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Sunday 1st.May 2011

 

Sunday 29th April 2007

INCINERATOR FUMES LINK TO INFANT DEATHS

By Lucy Johnston and Martyn Halle

HUNDREDS of baby deaths a year are being linked to ­pollution emitted by public waste incinerators.

Researchers have established a significantly higher death rate among children up to one year old when they live under smoke from an incinerator chimney.

There is a lower death rate for children who live out of the path of incinerator emissions.

The report comes after a detailed analysis of death rates across the country.

Dr Dick van Steenis, a retired GP who helped head the study, said: “The incinerators are burning all sorts of material from domestic waste to hazardous chemical and radioactive waste.

“The danger comes from the particles released into the atmosphere. They are of a size that can be easily inhaled into the lung where they lodge and cause damage to the body.”

The most damaging particle, known as PM 2.5, is particularly harmful to youngsters he said. “Newborn babies are more likely to succumb to damage from chemical pollutants in these inhaled particles.” He added: “Around every single incinerator, infant mortality rates, asthma rates and autism rates are sky-high.

“That’s if you live under the smoke stream from the chimney. In areas nearby which don’t get the smoke, the death rate is either at the national average or lower.”

The data has been collected from the latest official statistics covering the years 2003 to 2005.

Enfield in north London has the UK’s largest incinerator at Edmonton. The death rate for babies up one year old in west of the ­borough is virtually nil.

But in eastern Enfield, which sits downwind of the incinerator and is exposed to smoke from the chimney, the death rate is between 10 and 12 per thousand of population. The national average death rate for babies up to a year is 5.2 per thousand.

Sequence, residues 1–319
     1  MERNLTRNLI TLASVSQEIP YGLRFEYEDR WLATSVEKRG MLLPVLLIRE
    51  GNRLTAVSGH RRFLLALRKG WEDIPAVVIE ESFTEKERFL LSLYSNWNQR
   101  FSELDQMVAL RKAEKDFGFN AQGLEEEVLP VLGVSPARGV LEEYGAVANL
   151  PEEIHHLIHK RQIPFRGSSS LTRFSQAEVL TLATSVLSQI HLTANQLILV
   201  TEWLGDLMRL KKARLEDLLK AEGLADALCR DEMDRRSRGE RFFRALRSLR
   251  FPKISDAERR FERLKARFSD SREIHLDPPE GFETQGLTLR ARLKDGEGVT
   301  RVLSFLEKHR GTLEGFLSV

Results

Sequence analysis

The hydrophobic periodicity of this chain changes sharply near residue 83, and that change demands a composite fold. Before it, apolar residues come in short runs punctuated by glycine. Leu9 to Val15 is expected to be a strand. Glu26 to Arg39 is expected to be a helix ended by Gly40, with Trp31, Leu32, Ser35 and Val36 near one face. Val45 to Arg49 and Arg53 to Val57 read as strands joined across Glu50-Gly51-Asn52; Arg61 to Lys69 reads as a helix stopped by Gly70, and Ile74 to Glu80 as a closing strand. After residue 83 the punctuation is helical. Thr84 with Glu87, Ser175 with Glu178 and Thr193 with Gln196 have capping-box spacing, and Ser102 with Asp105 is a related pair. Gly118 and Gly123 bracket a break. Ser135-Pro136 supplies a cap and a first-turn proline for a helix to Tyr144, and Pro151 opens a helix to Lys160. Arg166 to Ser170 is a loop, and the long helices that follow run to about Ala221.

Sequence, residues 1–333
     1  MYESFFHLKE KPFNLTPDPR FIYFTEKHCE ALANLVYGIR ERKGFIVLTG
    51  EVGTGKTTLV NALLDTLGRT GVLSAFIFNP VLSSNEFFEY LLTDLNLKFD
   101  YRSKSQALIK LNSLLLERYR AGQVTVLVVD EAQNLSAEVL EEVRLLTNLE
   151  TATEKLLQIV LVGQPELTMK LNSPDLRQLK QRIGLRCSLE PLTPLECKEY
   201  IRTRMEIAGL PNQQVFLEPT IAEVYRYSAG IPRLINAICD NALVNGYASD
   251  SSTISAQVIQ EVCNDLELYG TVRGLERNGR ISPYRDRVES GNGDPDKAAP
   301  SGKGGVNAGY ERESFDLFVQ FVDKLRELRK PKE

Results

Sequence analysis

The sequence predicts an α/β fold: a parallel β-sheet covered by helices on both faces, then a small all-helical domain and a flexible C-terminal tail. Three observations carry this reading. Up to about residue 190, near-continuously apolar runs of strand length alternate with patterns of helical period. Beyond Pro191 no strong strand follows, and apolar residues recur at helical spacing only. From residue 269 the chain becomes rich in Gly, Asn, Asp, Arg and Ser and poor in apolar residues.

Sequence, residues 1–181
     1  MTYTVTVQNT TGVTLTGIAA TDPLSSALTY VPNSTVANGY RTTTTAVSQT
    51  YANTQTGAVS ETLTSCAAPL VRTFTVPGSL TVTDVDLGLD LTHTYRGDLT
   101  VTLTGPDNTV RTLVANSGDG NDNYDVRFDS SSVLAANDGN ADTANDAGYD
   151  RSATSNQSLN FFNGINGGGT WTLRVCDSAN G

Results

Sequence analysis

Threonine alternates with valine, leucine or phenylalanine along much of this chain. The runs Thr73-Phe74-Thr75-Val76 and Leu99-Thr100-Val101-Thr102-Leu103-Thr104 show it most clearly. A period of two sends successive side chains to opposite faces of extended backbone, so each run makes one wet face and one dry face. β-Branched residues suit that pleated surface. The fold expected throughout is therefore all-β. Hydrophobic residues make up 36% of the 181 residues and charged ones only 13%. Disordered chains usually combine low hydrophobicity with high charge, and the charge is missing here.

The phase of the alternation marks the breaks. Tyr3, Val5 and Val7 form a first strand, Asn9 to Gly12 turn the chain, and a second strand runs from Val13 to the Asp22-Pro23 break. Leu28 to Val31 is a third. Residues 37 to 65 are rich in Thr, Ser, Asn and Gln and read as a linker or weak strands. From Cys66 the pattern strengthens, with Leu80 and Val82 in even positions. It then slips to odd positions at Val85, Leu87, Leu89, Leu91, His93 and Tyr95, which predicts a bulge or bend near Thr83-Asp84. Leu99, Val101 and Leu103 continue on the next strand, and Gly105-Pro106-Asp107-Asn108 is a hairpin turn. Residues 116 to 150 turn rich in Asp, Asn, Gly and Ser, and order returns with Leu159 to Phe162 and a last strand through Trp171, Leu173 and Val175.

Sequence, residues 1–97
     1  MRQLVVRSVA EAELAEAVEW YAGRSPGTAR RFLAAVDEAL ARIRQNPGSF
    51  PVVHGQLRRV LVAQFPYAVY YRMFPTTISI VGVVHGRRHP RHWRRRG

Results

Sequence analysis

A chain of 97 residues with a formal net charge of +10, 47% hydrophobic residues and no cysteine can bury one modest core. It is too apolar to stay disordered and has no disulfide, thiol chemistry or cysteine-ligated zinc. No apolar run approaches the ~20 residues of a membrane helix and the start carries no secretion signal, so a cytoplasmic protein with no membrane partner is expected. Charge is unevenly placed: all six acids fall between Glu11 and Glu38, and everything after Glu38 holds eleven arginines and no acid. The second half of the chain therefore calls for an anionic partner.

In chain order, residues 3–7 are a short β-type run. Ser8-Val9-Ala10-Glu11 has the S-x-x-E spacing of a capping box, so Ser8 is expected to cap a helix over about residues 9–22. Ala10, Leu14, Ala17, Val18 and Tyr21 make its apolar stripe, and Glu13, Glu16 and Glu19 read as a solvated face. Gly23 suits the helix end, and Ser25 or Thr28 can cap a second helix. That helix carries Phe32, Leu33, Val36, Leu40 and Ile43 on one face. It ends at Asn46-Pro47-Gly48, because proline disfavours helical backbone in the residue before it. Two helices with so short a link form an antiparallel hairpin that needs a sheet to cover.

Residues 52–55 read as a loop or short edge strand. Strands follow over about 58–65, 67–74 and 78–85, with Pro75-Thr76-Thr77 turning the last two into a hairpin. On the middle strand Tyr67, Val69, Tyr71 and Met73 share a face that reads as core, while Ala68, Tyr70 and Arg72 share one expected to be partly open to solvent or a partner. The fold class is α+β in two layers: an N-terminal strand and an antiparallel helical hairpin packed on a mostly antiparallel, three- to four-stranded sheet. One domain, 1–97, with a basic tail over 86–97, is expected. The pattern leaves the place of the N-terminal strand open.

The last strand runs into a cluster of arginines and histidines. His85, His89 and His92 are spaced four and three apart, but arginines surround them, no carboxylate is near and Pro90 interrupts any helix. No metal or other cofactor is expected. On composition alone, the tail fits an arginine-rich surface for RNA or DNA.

Dr van Steenis said that he had accounted for other factors that could increase the death rate such as social deprivation. He pointed out, for example, that “leafy middle-class areas” of west London were affected by emissions from a big incinerator at Colnbrook near Slough. In some parts around this plant infant mortality rates are treble the national average.

“We compared those areas with nearby well-to-do wards that didn’t get emissions and they were significantly lower than the national average.”

Professor Vyvyan Howard, an expert on environmental pollution from the University of Ulster, said dioxins released in the burning of rubbish had been shown to be cancer causing.

He said that while incinerator filters take out 99 per cent of particles, it is the ultra fine one per cent – the PM 2.5s – that can have chronic effects on health.

London Waste, which owns the Edmonton incinerator, said it had not seen the van Steenis report. A spokesman said: “We use a proven technology with a track record of safe operation and it is recognised throughout Europe as a safe and efficient method of energy generation.

“There is no consistent ­evidence that our facilities cause adverse health effects.

“We continually monitor ­particulates such as PM 2.5s and the levels released are lower than the maximum permitted.”

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